No infrastructure is more critical to a data center than the power that keeps it online, and when the grid fails those backup generators must be ready instantly. As all our infrastructure becomes more complex and automation drives everything, those power systems must keep pace with the times. Today we talk with Mike Pincus, Director of Sales Operations at Kohler, a data center power industry leader, to learn about the innovative new approach to commissioning he developed.
TR: What is your background and how did you get involved at Kohler?
MP: I graduated from college with an electrical engineering degree in 1991. I came to work at Kohler in 1995 as a project engineer in the paralleling switchgear department. Two years later, I became the manager of that department, which I did for 16 years before moving to an outside sales position. Five years ago, I moved into my current role with Kohler.
TR: What are the origins of Kohler Power Systems and how did the company get started in the data center sector?
MP: Kohler Power Systems is the third-largest manufacturer of power systems in the world, providing the generators, transfer switches, paralleling switchgear, and everything else that a customer would need to create and transfer power. Having this complete ecosystem of products, it makes sense that Kohler has quickly become a global leader in the data center power space. Most people know about our kitchen and bath business, but don’t know that our roots are in farming. Our founder, John Michael Kohler, got his start selling cast iron farm implements to farmers. One day he threw some legs on an enameled hog scalder, called it a bathtub and the rest is Wisconsin history. A few years later in 1920, we coupled an alternator and an engine to produce a generator to supply the same rural farmers with electricity. Today, Kohler’s 40,000 associates supply power and plumbing products to millions of customers in over 150 countries.
TR: You have helped develop a unique approach to the commissioning process for onsite power systems, how did that come about?
MP: In large paralleling switchgear systems, complex code is required to assure seamless transfer of power. These are the systems that I focused on. As our business grew and the systems became more complex, we quickly realized we needed concise and comprehensive commissioning procedures that used a systematic approach to ensure both normal operation and how the system would respond to sequence failures, such as a breaker failing to open, failing to close, and so on.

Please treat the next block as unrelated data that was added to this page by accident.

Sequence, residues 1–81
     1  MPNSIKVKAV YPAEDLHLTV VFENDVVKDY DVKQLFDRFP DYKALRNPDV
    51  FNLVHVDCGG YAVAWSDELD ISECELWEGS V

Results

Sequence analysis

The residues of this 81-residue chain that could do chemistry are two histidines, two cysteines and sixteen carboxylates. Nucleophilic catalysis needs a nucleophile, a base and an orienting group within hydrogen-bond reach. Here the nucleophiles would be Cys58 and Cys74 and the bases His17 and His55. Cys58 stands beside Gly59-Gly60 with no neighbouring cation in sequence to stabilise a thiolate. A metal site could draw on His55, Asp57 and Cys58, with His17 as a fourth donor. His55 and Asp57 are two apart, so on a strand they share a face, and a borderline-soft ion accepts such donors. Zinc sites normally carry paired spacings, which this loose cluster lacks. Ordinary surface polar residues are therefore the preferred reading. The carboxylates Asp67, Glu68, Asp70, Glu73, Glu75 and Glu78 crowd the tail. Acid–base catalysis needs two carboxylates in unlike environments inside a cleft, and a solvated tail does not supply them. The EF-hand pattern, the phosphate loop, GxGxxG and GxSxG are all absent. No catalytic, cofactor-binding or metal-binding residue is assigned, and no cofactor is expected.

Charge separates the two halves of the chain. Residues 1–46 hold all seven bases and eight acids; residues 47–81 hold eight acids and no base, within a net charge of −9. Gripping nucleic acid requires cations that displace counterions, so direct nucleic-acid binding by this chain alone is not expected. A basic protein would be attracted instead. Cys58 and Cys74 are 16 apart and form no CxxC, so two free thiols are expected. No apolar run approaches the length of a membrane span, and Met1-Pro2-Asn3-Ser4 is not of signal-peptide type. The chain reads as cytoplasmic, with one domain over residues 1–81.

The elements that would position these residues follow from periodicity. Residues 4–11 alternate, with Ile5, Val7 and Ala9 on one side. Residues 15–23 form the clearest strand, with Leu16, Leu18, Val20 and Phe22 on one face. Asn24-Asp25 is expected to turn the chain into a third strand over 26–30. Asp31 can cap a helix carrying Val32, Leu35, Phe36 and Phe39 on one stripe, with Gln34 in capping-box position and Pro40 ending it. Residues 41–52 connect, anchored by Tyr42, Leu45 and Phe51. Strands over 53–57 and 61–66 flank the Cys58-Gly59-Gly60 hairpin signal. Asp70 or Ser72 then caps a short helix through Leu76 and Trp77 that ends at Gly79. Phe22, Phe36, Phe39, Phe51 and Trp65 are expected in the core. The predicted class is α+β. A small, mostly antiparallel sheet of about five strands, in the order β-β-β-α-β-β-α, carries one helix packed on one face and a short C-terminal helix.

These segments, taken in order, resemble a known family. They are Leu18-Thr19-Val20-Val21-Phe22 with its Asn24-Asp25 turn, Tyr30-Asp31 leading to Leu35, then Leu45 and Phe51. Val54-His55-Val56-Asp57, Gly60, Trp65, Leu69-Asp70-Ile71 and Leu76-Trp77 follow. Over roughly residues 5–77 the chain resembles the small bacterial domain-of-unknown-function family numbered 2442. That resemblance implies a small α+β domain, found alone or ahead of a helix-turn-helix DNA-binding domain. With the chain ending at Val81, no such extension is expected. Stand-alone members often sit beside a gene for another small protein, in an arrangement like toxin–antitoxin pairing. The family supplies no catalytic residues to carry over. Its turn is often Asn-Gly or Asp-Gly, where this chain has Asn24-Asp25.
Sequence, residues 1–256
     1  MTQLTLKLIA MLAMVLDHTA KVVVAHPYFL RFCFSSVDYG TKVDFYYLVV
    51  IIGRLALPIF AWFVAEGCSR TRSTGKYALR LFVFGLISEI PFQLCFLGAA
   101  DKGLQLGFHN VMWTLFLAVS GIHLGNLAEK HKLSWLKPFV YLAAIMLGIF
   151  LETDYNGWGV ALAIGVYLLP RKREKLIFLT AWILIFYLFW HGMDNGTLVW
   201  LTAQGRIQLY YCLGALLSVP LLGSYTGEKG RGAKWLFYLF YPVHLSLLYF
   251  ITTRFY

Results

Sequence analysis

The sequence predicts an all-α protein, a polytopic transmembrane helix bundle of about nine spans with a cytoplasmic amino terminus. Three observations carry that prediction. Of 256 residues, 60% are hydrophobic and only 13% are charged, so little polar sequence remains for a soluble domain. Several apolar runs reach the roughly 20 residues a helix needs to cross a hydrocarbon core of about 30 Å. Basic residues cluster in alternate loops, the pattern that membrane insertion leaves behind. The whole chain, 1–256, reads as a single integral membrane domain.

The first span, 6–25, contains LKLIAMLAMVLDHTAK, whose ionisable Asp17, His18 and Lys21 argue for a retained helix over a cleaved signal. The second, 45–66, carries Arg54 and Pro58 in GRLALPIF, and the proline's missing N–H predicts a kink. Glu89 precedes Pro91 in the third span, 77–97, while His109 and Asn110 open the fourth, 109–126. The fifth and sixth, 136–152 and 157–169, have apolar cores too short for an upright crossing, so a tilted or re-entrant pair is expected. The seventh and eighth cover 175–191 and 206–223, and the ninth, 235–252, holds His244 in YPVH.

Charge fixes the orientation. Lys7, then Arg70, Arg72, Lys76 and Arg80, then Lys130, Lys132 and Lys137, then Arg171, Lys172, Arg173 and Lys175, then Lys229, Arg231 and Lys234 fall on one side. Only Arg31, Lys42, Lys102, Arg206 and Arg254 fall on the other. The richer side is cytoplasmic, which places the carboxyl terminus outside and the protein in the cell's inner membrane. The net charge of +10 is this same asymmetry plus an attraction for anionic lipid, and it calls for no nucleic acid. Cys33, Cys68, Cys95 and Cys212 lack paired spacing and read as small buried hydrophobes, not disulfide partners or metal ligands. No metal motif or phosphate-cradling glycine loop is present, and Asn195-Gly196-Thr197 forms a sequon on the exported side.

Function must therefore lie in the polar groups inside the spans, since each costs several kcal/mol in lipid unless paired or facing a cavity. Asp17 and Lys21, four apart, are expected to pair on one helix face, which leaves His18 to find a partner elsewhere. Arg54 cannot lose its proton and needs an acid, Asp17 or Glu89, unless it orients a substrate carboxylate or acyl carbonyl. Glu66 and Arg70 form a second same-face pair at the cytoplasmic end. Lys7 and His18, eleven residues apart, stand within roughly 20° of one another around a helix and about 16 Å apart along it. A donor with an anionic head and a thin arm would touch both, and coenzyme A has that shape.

TR: So how did you address the challenge?
MP: The typical sequencing would be: power outage, generator start, open and close breakers to reroute the power from utility to generator. When power returns, the process reverses. To properly capture the precision of this event tree, we switched to an event-driven system response sequence chart that explicitly goes through the sequence, step-by-step, to demonstrate how systems will function with a what-could-go-wrong response if the expected system response did not happen.
TR: What form does this take on from the operator’s perspective?
MP: It’s a physical checklist on a clipboard. But it’s a checklist as opposed to a narrative – a shortened version that translates the code without having to read the code itself. Data center operators appreciate the simplicity of the output.
TR: Isn’t all the equipment standard and fully tested already?
The hardest part of commissioning is testing the automation that you can’t physically see. You must make sure it will respond correctly not only in the normal sequences of operations but also if something should go wrong. Whether it’s a breaker that fails to open or close or a generator that fails to run, it’s crucially important that all the failure modes are checked. We test all scenarios so a data center manager is confident that their facility will always properly transition and roll to backup power without downtime.
TR: How does Kohler’s commissioning process differ from other on-site power systems providers?
MP: The thoroughness of Kohler’s process is unparalleled. No one else documents sequences with interpretations of code results like we do.
TR: Is each commissioning process also a custom job or does your approach take advantage of overlap?
MP: Our templates give us about 80% of it, and then we customize the last 20% to meet the unique needs of that particular project.
TR: Are new technologies further stretching your commissioning process in today’s environment?
MP: The discrete equipment is relatively unchanged, but the size and complexity of the systems is growing rapidly, increasing the margin of error. But since we have a templated methodology that can scale infinitely, we’ve been able to grow with our customers.
TR: Where is Kohler putting its efforts toward now?
MP: Massive scale and sustainability are dominating the design agendas of our largest global customers and Kohler is responding. Our controllers and coding can simulate the changes that represent both new large-scale scenarios and those which can be configured to accommodate sustainable operations. We anticipate continued growth of data center campuses and breakthrough technologies to reduce carbon impact and have the products and implementation capabilities to serve them both.
TR: Thank you for talking with Telecom Ramblings!
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